The last few years has seen the rise of what is known as – the rugged smartphone – a design of smartphone that is typified to be resistant to damage and able to function in harsh environments. Today we’re looking at this stocky offering from Unihertz, the seventh phone launched by the brand on Kickstarter.
Unihertz are a team of passionate designers and engineers who believe technological advancement can create unlimited paths to shape the future.
Unihertz believes that there should be different types of smartphones for all kinds of people. That’s why we are committed to making unique smartphones even just for minority groups. We hope people can have more diverse choices.
Tick Tock 5G
The Tick Tock (no affiliation to the popular app) features dual customizable keys, which can be programmed with a number of function options.
The casing is made from aluminium and features steel sides which also houses a fingerprint (biometric) scanner lock and power button.
The rugged portion of the design is displayed in the enhanced IP68 rating making the unit water (it can withstand immersion in water up to 1.5 meters deep for 30 minutes), dust, and shock-resistant making it a wise choice for use in more extreme weather conditions.
The Tick Tock features a whopping 6000mAh battery and makes use of 30W quick charging to get back in the game.
The screen is 6.5-inch which allows for an enjoyable visual experience.
The main selling point of the Tick Tock has to be its secondary display at the rear of the device. The rear display can be customized with infinite choices (through preset timepieces and custom backgrounds) to ensure a unique fit..
Tick Tock has integrated support for 4 navigational satellites (GPS, BeiDou, GLONASS, and Galileo) which assures quicker and more accurate positioning and navigation.
Processor: Mediatek Helio P35 MT6765
Storage: 64GB, TF card up to 256GB
Display: 6.5-inch IPS, 1600x720p, Secondary: 1.28-inch IPS, 320×320
Camera: 48MP + 2MP macro, 5.8MP front selfie camera
Battery: 6000mAh, 30W fast charging
OS: Android 12 S
Sensors: G-sensor, gyro, proximity, step counter, baroceptor, ambient light, compass
Connectivity: WIFI, Bluetooth, 4G network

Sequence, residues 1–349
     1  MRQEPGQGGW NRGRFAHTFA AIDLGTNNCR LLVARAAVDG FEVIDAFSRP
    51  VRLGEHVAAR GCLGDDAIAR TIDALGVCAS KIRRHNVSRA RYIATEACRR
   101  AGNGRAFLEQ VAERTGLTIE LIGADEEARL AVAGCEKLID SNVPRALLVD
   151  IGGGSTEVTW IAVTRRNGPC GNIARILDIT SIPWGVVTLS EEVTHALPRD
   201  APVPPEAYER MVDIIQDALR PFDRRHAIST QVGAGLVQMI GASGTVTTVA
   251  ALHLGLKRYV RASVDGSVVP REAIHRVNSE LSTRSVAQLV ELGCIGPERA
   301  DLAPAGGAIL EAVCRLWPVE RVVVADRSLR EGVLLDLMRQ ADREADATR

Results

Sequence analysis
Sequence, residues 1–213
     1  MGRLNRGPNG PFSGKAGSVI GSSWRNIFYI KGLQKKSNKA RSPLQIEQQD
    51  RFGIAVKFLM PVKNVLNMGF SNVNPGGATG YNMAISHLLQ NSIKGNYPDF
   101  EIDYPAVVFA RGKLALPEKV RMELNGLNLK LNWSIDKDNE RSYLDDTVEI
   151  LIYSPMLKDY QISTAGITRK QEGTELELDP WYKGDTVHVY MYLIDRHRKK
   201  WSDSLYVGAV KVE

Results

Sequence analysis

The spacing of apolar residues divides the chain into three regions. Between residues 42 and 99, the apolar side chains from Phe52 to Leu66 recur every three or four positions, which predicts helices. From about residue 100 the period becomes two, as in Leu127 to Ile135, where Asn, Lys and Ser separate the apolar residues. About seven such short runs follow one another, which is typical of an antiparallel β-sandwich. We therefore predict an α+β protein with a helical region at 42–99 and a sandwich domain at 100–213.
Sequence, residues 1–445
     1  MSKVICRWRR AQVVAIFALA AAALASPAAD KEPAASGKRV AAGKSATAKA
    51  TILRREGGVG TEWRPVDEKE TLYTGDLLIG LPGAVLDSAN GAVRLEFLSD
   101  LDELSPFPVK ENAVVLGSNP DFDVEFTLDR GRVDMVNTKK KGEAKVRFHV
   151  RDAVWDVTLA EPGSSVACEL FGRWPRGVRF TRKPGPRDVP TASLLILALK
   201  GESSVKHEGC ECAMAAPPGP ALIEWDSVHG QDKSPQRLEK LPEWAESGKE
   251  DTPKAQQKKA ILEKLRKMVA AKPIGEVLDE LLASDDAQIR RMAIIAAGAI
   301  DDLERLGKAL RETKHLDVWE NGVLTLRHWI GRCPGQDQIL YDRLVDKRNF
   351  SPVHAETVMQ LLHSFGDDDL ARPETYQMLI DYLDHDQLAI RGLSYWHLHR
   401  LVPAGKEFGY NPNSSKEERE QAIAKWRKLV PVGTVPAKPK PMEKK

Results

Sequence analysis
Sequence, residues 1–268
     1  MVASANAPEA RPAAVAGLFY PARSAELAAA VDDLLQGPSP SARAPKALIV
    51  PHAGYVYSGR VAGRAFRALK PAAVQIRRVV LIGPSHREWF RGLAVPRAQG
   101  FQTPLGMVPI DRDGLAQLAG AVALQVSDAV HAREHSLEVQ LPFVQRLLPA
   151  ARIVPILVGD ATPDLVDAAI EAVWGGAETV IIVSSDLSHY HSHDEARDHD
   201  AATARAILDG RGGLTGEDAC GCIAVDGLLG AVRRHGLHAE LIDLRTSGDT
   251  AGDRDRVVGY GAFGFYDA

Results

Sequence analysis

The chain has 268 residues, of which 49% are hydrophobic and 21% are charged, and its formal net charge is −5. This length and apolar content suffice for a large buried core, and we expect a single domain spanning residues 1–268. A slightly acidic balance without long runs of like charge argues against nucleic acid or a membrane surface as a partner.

USB: Type C
The first thing that strikes me about the Tick Tock is the sheer weight of it – clocking in around 230 grams, this phone is sturdy and strapping. It’s a solid chunk and there will be no doubt if it is on your person or in your hand. It’s a brick but as a rugged smartphone, it needs to be.
I find it difficult to criticise the design and implementation of the Tick Tock 5G outside of a few strange choices, firstly the shape. The phone features a bold design with points at both the top and bottom of the unit, making it unfriendly to any sort of propping vertically, and given the weight, horizontally. For the most part the fingerprint scanner worked efficiently and effortlessly 95% of the time. This could be down to the scanners placement on the device body being unnatural as part of an ergonomic layout.
My major criticism of the design resides in the audio category. Firstly the main external speaker of the phone is located on the rear body of the Tick Tock, meaning that that any audio played through it is muted substantially by the phone body when the unit is laid in its back. This becomes notably irritating over time especially for new fathers who require strict volume control when listening to 12 hour white noise playlists on Spotify.
The Tick Tock microphone seems to be placed so far inside the device that calls must be conducted at an extreme vocal level. The silicone case only seems to exacerbate the situation further making conversation a frustrating endeavour in general. Given the rugged nature of the phone it would be perfect for louder environments such as building sites or loud weather conditions. So in that sense this could also be a pro rather than a con.
The device features a pre-loaded toolbox kit with useful apps to help complete basic tasks along with a number of useful stock apps to get the user started. For the most part these can be turned off rather than deleted. (For example – the IR sensor made for a quick and easily programmed remote control for my Sony television)
The dual screen is a unique selling point and something that drew me to the model. The user can utilise the rear display to take selfies using the primary 48MP camera – an absolute game changer in this era of smartphones. The customisation of this screen offers a door into a new world of phone use.
As the Rugged Smartphone moniker might suggest, the unit is solidly built and I honestly believe it could be dropped from a moving plane and still function. My only concern would be for anyone within the impact zone.
All in all this an insane concept that Unihertz have pulled off wonderfully. Aside from a few questionable design choices for the regular daily user, this would be a perfect entry into the rugged/doomsday prepper/construction worker/lumberjack/explorer phone category.
You can pick up the Unihertz TickTock 5G Rugged Smartphone from their website for around $339 USD (£282 GBP) by following this link or via all good suppliers.
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